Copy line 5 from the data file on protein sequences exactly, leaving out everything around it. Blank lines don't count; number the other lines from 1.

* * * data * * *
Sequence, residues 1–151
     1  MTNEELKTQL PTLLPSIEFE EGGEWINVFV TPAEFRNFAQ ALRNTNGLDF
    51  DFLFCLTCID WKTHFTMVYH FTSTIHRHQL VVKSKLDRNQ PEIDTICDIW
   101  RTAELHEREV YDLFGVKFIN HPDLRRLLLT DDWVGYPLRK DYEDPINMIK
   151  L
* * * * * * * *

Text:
   151  L